Re: "Experts say 'overdose app' not enough to save lives in opioid crisis," by Elana Shepert, June 12, 2020
Shepert’s article covered a lot of valuable points around drug addiction in the downtown eastside (DTES). The Provincial Health Services Authority (PHSA) understood this population would provide valuable feedback, so they did the beta testing in single room occupancy properties and adjusted the features of Lifeguard App with feedback from the residents.
The idea to create Lifeguard came to me when my friend, Evan, died alone of an overdose three years ago.
I realized that there must be a way to prevent these overdoses from happening, and ultimately prevent unfortunate deaths like Evan’s, through cellphone technology because most people have access to one.
There are many others most of us would not suspect of suffering from addiction, including those who started taking prescription opioids because of workplace injuries, car accidents, and chronic pain, or young people who began by experimenting or partying with friends and got caught in the cycle of addiction.
The increase of toxic overdose deaths has proven an even bigger crisis in the midst of the stress of the COVID-19 pandemic. The most recent Coroner’s Report shows a stark reality: more British Columbians died of overdose last month than died in the whole first wave of COVID-19. The vast majority were men (80%) between the ages of 19 and 49 (70%) – and the majority of those died alone.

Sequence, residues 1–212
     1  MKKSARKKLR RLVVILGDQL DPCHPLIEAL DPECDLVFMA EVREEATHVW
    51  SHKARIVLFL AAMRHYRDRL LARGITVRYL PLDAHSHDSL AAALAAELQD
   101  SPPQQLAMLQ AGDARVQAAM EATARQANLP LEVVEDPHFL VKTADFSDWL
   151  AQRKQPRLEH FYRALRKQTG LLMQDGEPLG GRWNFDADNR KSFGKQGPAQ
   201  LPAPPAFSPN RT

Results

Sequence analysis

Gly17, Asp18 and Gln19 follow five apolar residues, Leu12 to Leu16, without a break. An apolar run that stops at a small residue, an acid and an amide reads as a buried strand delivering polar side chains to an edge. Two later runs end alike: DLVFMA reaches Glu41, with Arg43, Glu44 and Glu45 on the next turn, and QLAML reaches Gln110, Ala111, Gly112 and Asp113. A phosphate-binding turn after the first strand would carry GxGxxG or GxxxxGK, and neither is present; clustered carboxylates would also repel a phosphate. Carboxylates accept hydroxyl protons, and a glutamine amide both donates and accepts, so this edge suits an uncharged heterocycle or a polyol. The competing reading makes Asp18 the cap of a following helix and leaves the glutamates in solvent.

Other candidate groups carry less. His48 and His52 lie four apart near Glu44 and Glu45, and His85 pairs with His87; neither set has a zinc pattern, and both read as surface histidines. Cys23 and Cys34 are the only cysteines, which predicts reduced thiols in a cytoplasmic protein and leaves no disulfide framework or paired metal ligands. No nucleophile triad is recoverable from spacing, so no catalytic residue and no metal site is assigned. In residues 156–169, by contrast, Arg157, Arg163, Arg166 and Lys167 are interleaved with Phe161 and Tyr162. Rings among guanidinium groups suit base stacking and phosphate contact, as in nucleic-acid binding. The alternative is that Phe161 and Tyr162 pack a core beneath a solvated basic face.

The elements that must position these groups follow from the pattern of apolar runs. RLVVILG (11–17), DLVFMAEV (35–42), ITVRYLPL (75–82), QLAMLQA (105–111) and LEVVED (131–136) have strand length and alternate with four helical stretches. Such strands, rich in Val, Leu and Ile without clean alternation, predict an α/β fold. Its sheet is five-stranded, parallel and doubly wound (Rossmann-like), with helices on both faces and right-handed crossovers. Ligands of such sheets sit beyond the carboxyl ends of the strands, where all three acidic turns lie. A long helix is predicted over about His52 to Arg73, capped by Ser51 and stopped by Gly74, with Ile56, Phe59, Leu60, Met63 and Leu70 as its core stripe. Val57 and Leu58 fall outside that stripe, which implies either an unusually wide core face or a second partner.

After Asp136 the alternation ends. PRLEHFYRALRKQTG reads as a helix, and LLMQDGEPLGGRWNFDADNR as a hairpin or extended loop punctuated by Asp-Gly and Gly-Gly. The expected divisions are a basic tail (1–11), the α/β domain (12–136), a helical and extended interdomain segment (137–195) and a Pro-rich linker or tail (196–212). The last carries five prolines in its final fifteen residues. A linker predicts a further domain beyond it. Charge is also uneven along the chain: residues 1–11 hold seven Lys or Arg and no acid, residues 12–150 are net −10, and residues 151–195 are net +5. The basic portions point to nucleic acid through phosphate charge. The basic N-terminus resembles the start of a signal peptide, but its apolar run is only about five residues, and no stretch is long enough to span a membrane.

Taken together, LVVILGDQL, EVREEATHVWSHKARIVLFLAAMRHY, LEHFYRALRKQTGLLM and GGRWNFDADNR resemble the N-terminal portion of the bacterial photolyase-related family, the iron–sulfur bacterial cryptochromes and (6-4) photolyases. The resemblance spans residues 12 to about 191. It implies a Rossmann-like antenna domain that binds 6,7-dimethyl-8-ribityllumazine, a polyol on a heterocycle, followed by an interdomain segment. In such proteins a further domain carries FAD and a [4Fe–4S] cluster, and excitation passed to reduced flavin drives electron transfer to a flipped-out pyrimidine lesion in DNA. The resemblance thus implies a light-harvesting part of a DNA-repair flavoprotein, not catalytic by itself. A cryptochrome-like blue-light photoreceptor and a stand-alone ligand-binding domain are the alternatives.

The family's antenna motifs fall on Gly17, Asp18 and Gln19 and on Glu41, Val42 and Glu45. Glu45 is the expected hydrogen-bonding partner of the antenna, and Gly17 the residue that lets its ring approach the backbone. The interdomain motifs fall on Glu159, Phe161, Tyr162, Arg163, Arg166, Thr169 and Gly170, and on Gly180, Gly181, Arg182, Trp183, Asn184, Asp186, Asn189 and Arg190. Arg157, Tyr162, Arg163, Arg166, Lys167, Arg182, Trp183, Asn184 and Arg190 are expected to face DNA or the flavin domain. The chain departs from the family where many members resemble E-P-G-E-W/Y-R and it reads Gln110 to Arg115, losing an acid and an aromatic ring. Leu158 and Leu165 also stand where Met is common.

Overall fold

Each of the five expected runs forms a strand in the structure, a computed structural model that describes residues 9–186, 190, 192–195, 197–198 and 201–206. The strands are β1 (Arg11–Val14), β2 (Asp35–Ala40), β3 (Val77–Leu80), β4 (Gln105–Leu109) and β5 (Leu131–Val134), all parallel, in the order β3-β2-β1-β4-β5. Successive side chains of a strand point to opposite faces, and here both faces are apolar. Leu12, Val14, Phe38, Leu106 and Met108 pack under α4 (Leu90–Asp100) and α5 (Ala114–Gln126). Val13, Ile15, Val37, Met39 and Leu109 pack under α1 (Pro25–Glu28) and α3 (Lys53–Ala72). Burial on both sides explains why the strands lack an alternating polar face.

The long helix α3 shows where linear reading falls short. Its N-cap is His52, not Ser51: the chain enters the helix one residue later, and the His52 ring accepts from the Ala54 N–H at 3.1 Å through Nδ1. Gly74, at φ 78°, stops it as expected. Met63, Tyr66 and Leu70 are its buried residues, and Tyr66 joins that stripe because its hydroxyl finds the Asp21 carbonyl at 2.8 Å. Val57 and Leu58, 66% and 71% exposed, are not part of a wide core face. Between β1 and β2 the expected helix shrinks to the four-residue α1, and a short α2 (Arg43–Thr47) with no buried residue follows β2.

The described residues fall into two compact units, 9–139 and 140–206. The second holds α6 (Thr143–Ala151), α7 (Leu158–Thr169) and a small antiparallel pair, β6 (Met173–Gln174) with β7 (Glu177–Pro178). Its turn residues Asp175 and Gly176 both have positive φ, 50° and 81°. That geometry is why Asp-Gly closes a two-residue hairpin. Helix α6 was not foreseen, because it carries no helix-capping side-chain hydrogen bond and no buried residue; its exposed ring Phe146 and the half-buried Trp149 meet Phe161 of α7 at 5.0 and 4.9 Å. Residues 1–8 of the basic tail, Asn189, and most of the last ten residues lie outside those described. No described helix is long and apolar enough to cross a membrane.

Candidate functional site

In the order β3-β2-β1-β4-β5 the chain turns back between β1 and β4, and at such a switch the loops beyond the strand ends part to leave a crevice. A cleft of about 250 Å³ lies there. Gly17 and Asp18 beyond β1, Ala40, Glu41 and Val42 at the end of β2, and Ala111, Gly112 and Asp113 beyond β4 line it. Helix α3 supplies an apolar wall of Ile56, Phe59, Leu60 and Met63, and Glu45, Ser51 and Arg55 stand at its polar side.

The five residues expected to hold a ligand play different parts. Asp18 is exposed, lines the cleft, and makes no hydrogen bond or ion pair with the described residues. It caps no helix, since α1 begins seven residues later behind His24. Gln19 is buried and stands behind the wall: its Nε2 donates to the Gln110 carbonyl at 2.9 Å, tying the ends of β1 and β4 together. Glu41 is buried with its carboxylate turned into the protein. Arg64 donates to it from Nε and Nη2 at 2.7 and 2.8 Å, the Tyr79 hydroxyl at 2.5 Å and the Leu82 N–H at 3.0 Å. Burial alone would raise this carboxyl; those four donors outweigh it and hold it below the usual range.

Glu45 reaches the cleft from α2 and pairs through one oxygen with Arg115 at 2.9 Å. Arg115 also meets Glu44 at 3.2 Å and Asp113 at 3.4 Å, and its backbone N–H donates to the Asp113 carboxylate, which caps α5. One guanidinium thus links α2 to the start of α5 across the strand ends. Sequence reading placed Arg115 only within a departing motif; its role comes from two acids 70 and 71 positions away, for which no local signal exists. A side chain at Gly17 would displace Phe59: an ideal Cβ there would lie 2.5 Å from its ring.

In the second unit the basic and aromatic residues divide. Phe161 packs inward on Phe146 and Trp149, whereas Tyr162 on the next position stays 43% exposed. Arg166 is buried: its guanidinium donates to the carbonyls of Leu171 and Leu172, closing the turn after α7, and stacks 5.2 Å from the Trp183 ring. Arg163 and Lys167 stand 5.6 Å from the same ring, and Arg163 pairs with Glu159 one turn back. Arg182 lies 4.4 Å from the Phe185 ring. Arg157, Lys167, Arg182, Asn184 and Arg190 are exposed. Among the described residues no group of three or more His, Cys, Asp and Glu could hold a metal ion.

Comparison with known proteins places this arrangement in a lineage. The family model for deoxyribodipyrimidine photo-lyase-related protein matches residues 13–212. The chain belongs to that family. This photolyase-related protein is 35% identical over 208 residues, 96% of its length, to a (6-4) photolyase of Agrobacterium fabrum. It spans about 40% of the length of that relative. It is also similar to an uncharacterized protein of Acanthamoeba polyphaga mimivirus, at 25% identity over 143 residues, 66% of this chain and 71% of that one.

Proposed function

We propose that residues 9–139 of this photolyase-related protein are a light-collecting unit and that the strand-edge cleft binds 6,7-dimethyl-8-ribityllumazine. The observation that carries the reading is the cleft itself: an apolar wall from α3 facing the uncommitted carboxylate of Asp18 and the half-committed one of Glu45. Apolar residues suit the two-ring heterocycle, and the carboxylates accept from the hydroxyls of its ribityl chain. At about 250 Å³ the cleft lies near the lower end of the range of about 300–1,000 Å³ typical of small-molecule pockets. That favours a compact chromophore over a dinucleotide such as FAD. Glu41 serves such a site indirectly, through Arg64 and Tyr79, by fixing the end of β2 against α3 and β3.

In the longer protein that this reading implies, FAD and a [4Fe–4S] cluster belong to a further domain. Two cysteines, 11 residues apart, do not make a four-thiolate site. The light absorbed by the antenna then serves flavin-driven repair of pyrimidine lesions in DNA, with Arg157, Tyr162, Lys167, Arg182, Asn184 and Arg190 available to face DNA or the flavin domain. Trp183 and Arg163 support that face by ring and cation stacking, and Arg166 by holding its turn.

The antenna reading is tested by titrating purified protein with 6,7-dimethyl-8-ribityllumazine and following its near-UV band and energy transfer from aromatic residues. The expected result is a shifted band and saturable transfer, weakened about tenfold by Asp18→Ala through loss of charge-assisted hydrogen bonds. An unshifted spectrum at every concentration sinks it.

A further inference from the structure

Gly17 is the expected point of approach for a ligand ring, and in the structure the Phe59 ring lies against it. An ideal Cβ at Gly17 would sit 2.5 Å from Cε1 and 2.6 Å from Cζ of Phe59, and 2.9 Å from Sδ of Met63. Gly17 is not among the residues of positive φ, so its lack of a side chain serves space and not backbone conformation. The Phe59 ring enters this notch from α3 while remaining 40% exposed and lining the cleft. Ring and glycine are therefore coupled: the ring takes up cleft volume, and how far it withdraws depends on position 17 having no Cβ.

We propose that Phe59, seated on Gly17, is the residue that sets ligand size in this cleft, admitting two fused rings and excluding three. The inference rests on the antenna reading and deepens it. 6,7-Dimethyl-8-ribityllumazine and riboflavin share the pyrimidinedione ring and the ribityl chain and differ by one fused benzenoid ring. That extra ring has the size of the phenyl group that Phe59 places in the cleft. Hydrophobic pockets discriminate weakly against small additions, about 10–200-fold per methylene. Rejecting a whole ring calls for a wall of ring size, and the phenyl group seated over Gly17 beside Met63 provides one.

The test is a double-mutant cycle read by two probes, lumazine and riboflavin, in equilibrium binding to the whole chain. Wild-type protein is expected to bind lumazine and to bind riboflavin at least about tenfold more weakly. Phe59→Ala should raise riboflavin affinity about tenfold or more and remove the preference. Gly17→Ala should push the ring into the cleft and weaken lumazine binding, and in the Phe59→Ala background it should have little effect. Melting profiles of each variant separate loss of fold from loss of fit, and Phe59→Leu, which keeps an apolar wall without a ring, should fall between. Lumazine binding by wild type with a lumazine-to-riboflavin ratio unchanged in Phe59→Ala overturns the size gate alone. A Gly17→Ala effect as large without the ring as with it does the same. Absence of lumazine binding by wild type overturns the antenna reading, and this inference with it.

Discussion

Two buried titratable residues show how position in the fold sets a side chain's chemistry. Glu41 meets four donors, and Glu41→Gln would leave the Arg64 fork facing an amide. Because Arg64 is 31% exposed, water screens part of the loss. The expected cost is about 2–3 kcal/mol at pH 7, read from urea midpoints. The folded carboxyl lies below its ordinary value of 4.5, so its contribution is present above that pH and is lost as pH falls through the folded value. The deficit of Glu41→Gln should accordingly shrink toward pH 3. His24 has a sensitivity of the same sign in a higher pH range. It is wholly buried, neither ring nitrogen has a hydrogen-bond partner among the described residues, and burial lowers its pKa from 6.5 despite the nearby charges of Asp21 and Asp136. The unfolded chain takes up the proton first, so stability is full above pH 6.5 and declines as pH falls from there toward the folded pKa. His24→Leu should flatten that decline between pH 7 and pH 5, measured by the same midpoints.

The consensus of advice is that it’s important for people to be in the company of others when taking drugs, yet most people are alone when they do use, especially if they are hiding their addiction. Lifeguard App was specifically designed to address this while keeping people’s privacy intact.
The app is user-centred, putting the power in the hands of those who opt to use drugs. It is also privacy protected. Lifeguard Digital Health does not retain any of the personal information input into the app by the person who is planning to use a drug. The prompts for information are designed solely to assist in saving the person’s life. The app provides the GPS location and prioritizes the call to ambulance services - not the police - to increase the chances of saving a life while protecting from stigma or prosecution.
Any data retained by health services is privacy-protected if used to further inform research for better future outcomes. For example, drug samples are analyzed for content, including the presence of fentanyl. In the event of a death, this information is also sent to the Coroner’s Office for future reports to, in turn, inform policy and budget allocations.
There is no simple answer to overcoming addiction or saving the lives of those who are in danger of an overdose. Harm reduction, including more safe injection sites, drug testing, and making Naloxone kits widely available are critically important, as is the availability for treatment spaces. The results of the beta testing led the Ministry of Mental Health and Addictions to take the next step to implement the app throughout the regional health authorities in the province. The Lifeguard App will bring help quickly, even when someone is alone and unresponsive, while protecting privacy.
At the end of the day, even just one life saved makes it all worthwhile and is another opportunity for someone to access recovery and treatment.
Jeff Hardy, CEO
Lifeguard Digital Health